On this date the British science fiction writer (and, we note proudly, longtime subscriber to White Crane) SIR ARTHUR C. CLARKE died on this date (b. 1917). British writer, born in Minehead, Somerset, as Arthur Charles Clarke. He studied Maths and Physics at King’s College in London.

His book “2001, A Space Odyssey” was made into a film in 1968 by Stanley Kubrick. Clarke lived in Colombo, Sri Lanka since 1956. His books include: Childhood’s End (1953), The Deep Range (1957), A Fall of Moondust (1961), Profiles of the Future (1962), 2001, A Space Odyssey (1968), 2010: Odyssey Two (1985), The Ghost from the Grand Banks (1990), The Hammer of God (1993), The Light Of Other Days.

These accomplishments are all well-known and well-celebrated among Clarke aficionados and critics. Less discussed are the ways Clarke’s works challenged heteronormative sexual mores, particularly those surrounding men who went for men. But reviewing some of Clarke’s most notable works, one sees the author surveying the changing sexual landscape of a post-Stonewall society. Taken together, they provide a panoramic view of a gay man questioning the world in which he lived.

Clarke was a gay man, or, at the very least, queer. Though he married a woman in 1953, they separated six months later, and it’s well established that Clarke’s romantic existence was spent mostly with other men. Obsessed with the Kinsey Scale when it first came out, Clarke never believed people had strict straight or gay tendencies, a belief made clear in a number of his books. Author Michael Moorcock wrote in a 2008 Guardian essay that “everyone knew [Clarke] was gay,” even in the ’50s, well after Clarke moved to Sri Lanka, where he found the lack of sexual policing refreshing after living in uptight England. Clarke also spent 1964-1965 at New York’s famously libertine Chelsea Hotel, romping around town with Allen Ginsberg and William S. Burroughs, two of the most male-loving men of the era. And insiders also know that Clarke and a man named Leslie Ekanayake were in love; Clarke described Leslie as “the only perfect friend of a lifetime,” and the author was buried alongside him when he died in 2008.

But Clarke would never admit his love of men. Not on the record, at least. Asked by a reporter about his bedroom activities, Clarke campily laughed, “Why, what have you heard?” He only admitted his yen for men a few times: sheepishly in his semi-autobiographical 1963 novel Glide Path, in which the sexually inexperienced protagonist makes a passing reference to “a highly refined encounter with the clergyman who had (very briefly) run the local scout troop;” and off-handedly in 1986, when Playboy journalist Ken Kelley asked Clarke whether he’d had bisexual experiences. Clarke replied with a resounding yes: “Of course. Who hasn’t? Good God! If anyone had ever told me that he hadn’t, I’d have told him he was lying. But then, of course, people tend to ‘forget’ their encounters.”

He went on, “I don’t want to go into detail about my own life, but I just want it to be noted that I have a rather relaxed, sympathetic attitude about it.” Such reticence is only natural for a man born in 1917 and who came of age during the height of the Pink Scare, when western governments branded gay people as criminal scourges, as sexual criminals. And it’s equally logical that Clarke would use fiction to explore societies that had evolved past such sexual judgment.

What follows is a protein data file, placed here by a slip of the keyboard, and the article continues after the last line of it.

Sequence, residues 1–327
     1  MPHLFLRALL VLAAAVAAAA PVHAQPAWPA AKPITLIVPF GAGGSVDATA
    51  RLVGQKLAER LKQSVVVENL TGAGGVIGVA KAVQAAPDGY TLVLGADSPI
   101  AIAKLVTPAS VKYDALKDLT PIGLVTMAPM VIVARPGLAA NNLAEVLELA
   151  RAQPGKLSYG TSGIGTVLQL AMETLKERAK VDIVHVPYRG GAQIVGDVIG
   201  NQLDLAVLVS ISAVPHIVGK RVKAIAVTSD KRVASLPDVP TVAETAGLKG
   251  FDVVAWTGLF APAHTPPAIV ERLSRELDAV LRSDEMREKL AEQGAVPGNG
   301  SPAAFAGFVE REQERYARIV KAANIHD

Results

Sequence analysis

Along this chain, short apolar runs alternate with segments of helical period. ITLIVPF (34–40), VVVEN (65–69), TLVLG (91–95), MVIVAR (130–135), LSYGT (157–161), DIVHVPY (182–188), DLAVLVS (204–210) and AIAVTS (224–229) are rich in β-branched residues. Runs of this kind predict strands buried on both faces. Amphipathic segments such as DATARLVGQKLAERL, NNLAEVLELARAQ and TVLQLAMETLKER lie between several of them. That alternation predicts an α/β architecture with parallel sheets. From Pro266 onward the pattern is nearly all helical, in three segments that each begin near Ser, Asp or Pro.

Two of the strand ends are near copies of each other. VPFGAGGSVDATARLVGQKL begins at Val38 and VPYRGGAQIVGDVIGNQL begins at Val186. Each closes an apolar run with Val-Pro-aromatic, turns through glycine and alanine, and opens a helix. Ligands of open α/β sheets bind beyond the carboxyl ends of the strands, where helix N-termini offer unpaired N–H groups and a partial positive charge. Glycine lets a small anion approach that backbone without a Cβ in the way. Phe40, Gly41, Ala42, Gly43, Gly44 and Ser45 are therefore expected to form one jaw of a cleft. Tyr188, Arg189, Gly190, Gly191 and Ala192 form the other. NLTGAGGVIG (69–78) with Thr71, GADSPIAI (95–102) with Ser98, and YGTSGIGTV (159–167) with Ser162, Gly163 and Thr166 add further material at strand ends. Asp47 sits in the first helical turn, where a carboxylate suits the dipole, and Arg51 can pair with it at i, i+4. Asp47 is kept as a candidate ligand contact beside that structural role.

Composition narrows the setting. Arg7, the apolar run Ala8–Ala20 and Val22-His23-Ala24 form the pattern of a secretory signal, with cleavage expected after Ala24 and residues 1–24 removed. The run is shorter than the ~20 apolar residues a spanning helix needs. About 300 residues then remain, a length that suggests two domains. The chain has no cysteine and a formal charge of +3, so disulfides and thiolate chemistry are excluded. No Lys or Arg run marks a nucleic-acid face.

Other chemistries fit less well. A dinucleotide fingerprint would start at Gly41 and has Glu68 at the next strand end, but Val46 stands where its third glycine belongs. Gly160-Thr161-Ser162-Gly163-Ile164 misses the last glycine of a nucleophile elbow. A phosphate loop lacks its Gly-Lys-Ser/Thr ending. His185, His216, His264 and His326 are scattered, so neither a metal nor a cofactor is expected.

The author’s personal feelings on—or hopes for—human sexuality are perhaps most clear in his 1986 novel The Songs of Distant Earth. His sexiest work—almost every character is bed-hopping with another, or hoping to—Songs lays this society’s feeling out in the open with this exchange between two men at a hospital: Lieutenant Horton explains to his roommate, Loren Lorenson, that he was injured during a surfing expedition with a group of “hairy hunks” known for their homo-social ways. Loren is surprised by the revelation: “I’d have sworn you were ninety percent hetero.” Horton replies, “Ninety-two, according to my profile, but I like to check my calibration from time to time.” This prompts Loren to recall that “he had heard that hundred percenters were so rare that they were classed as pathological.” Clarke’s old interest in Kinsey’s work remained unabated. His only hope was the rest of humanity would see things as he did.

Clarke died in 2008, the same year conservatives used Proposition 8 to beat back marriage equality in California. He never lived to see the Supreme Court rule in favor of love. Nor did he see the same wave of progress sweep England, Australia, Brazil, France, and so many other lands. Today, more than a decade after Clarke’s death, millions of people live in a world in which marriage equality is a reality, in which transgender people are increasingly accepted and in which heteronormative notions of love and sexuality are steadily eroding, even though this brave new world of acceptance remains tenuous, at best.